Design and Scalable Biosynthesis of Acid-Tolerant Enzymes as Broad-Spectrum, Biocompatible Disinfectants

B.W. Berger
Lehigh University,
United States

Keywords: biofilm, biocompatible, disinfectant, antimicrobial, food safety, pathogen, sterile packaging, sterile manufacturing

Summary:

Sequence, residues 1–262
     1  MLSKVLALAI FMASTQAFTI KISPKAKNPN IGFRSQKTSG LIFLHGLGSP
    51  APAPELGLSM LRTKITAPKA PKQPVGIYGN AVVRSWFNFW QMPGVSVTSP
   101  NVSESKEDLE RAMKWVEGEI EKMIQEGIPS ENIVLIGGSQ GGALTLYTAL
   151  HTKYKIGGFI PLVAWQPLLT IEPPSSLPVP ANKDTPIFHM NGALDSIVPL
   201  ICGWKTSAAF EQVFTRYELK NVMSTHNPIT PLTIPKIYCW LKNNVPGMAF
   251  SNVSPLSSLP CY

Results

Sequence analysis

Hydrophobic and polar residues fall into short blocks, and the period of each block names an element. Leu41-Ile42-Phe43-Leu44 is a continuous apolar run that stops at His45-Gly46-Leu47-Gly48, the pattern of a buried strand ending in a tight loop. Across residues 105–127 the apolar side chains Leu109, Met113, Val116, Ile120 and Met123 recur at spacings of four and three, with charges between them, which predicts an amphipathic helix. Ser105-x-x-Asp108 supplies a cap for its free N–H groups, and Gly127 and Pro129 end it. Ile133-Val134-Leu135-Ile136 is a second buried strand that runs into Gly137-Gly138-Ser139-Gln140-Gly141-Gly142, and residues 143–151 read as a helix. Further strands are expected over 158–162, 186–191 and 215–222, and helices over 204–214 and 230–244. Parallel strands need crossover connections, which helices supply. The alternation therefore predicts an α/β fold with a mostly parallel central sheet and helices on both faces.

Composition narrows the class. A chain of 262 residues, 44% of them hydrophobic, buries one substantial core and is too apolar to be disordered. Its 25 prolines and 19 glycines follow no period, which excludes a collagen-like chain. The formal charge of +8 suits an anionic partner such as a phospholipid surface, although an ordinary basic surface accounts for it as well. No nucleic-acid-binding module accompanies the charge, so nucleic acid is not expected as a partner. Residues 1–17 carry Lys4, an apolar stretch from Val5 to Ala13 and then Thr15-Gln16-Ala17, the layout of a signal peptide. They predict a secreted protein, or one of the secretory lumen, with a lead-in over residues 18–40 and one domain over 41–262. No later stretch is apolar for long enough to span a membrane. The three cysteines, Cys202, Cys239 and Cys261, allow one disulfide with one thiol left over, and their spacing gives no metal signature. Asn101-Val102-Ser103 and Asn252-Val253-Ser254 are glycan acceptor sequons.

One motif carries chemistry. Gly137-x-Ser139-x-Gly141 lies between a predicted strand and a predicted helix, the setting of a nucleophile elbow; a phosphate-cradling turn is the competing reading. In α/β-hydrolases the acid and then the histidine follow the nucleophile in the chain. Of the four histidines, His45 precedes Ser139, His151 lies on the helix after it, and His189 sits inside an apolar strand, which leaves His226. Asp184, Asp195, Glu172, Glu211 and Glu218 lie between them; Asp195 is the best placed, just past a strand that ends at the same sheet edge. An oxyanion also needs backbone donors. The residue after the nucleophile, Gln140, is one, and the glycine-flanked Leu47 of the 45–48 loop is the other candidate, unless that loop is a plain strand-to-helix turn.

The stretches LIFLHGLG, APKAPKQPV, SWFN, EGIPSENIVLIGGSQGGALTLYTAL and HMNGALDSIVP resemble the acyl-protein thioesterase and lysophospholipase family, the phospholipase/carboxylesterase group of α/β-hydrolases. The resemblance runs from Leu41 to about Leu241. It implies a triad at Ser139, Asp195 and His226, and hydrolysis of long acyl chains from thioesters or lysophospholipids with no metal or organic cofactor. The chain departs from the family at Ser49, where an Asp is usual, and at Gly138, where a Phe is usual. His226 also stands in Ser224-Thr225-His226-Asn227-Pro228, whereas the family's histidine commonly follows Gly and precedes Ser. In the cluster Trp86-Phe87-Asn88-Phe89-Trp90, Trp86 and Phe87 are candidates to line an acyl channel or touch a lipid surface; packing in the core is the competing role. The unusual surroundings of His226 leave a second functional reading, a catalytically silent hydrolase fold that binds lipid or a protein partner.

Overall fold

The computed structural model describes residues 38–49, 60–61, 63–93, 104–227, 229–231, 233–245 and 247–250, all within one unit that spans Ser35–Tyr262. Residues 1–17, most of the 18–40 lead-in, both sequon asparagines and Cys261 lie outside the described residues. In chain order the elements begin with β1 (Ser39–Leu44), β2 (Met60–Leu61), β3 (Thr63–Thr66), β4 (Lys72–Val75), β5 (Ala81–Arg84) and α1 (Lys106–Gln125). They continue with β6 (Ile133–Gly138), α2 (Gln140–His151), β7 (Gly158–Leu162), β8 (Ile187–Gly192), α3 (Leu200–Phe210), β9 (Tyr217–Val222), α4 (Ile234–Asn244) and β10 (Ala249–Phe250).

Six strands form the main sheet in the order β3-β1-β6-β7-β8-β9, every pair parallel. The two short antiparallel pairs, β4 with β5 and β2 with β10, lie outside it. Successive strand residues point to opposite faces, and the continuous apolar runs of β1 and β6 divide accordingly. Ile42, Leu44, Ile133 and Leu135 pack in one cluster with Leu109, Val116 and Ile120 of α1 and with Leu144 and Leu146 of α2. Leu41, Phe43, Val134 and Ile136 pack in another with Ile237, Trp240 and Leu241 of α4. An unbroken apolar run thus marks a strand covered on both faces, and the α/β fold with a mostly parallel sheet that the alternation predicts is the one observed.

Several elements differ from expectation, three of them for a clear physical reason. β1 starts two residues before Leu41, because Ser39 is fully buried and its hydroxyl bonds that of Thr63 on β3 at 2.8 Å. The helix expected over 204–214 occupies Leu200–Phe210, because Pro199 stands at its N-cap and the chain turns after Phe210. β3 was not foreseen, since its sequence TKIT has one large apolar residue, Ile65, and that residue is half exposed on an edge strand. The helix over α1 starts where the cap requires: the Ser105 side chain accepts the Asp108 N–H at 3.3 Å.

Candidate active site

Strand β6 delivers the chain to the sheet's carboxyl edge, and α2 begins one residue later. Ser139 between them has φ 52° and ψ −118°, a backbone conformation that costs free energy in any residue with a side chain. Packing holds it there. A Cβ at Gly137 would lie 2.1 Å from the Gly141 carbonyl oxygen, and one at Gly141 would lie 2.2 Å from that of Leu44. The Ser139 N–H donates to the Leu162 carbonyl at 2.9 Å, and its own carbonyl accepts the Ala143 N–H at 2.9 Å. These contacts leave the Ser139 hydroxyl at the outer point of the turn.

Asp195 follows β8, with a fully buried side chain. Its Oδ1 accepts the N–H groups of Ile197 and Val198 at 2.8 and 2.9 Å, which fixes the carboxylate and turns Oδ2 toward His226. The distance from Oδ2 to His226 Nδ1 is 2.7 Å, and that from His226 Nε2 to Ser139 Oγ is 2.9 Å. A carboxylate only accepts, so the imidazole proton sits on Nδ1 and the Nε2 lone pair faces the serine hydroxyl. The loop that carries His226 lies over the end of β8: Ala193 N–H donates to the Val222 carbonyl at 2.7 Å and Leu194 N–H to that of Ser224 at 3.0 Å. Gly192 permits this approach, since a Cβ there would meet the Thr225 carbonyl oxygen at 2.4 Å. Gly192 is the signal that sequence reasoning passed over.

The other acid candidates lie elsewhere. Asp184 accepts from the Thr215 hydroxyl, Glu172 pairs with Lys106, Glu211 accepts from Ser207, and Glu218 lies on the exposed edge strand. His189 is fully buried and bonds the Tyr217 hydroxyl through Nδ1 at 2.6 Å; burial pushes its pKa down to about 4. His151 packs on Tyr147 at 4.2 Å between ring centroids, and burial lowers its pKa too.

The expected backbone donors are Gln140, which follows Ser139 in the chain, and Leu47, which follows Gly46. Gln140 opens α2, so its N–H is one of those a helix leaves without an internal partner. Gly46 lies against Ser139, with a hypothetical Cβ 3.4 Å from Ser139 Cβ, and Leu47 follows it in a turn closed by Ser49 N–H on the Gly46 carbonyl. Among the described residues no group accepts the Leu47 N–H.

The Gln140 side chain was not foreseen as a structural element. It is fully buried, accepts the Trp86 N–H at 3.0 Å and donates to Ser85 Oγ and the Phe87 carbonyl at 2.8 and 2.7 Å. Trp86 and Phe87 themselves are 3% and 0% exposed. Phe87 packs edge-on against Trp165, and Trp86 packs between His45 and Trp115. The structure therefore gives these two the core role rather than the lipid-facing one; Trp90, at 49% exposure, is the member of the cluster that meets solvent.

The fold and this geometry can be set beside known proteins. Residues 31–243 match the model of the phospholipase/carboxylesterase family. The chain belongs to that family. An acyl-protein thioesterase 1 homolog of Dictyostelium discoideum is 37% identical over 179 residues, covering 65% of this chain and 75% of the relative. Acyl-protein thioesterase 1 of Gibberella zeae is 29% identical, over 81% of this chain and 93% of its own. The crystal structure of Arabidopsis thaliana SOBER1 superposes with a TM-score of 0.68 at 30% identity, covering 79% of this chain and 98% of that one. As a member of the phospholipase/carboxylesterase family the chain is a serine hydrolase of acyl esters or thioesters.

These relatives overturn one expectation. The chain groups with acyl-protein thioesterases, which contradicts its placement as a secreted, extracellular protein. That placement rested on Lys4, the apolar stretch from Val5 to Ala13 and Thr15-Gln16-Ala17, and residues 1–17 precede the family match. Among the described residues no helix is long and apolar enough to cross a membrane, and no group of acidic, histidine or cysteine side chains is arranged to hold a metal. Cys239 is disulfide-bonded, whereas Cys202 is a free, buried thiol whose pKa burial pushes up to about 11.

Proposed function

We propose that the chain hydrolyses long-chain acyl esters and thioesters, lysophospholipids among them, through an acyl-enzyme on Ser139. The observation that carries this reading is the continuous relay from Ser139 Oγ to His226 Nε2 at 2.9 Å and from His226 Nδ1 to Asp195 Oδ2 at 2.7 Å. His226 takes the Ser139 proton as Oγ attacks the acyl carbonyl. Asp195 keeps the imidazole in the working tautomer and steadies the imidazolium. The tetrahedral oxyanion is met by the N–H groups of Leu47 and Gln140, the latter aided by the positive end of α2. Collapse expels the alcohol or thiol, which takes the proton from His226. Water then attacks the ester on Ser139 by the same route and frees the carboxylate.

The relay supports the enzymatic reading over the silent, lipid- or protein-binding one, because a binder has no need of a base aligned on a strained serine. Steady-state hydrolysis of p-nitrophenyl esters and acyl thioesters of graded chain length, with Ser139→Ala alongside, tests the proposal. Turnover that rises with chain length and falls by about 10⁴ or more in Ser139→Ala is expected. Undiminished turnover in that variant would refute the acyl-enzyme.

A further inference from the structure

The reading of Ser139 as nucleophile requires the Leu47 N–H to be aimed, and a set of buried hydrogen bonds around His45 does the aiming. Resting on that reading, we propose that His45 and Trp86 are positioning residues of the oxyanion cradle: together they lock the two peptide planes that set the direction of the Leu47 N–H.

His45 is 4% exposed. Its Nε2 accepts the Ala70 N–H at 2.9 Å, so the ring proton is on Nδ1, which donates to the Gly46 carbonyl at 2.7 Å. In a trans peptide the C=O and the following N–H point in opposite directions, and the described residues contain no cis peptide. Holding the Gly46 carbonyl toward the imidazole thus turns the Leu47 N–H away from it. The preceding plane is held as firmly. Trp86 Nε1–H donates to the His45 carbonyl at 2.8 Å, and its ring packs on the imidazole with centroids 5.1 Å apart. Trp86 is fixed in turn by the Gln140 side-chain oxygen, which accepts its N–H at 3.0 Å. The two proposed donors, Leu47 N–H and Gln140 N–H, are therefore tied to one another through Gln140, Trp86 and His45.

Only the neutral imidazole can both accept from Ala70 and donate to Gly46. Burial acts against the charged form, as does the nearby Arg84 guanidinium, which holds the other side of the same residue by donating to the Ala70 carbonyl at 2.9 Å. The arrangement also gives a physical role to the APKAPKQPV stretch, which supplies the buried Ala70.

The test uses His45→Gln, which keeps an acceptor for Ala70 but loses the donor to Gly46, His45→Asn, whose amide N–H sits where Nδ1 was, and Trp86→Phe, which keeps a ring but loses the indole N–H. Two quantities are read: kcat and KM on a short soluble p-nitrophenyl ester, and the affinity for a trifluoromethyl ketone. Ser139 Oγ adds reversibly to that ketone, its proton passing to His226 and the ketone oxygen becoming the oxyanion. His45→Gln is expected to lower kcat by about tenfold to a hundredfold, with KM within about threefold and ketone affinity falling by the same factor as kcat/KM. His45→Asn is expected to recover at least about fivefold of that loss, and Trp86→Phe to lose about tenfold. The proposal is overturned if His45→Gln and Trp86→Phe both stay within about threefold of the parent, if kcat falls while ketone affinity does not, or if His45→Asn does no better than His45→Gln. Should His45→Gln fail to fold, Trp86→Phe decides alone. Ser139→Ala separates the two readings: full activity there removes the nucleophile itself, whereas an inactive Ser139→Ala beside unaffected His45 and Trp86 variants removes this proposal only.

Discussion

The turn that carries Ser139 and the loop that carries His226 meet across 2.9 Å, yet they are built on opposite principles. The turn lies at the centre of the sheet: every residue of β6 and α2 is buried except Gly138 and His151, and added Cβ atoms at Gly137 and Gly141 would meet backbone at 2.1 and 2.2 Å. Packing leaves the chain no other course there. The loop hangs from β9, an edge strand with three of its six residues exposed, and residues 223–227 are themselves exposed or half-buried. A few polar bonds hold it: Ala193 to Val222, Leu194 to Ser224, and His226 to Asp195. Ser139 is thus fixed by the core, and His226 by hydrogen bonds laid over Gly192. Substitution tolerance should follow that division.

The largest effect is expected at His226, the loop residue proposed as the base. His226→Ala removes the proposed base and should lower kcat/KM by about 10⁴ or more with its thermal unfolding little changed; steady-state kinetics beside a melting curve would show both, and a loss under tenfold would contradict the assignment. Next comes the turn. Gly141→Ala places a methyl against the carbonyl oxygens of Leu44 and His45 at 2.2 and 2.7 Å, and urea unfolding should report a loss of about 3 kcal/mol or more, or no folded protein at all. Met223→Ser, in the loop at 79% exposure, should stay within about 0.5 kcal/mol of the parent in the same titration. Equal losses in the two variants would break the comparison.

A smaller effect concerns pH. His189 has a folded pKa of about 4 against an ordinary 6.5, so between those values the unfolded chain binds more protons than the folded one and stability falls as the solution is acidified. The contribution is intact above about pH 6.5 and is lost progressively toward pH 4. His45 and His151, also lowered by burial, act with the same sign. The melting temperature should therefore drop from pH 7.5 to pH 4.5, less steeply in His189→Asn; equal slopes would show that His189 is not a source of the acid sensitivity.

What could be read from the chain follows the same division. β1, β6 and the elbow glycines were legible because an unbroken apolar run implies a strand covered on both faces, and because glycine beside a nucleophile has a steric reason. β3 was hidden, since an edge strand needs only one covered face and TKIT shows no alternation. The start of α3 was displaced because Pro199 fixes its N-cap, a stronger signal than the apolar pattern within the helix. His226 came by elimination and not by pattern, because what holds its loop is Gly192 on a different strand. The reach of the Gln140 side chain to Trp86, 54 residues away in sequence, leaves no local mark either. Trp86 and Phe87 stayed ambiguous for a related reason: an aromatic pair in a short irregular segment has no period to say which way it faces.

Problem: Bacteria have evolved a wide range of strategies to adhere to abiotic surfaces, which has a major economic and health impact on sterile manufacturing and packaging of food, pharmaceuticals and consumer goods. While both industry and government agree that a solution to the increasing number of infections from food products is required, “poultry processors have resisted, arguing that it would be expensive and ultimately futile, because Salmonella is so pervasive.” Thus, an effective solution must (1) provide broad activity against a wide range of bacterial pathogens and (2) do so in a cost-effective manner compatible with current manufacturing processes. Solution: We have developed a series of engineered enzymes that exhibit broad-spectrum activity against a wide range of polysaccharides found in bacterial biofilms. Our enzyme-based technology has the advantage of biocompatibility and biodegradability, providing an effective, safe approach to the chemical or physical methods currently used to disrupt biofilms. Furthermore, engineering enzyme stability in the presence of acids, detergents and other FDA-approved disinfectants will enable a solution that is not only safe, but also cost-effective for implementation in current manufacturing processes. Next Steps: Identifying partners for commercialization as a “drop-in” to existing processes, or co-development of new products.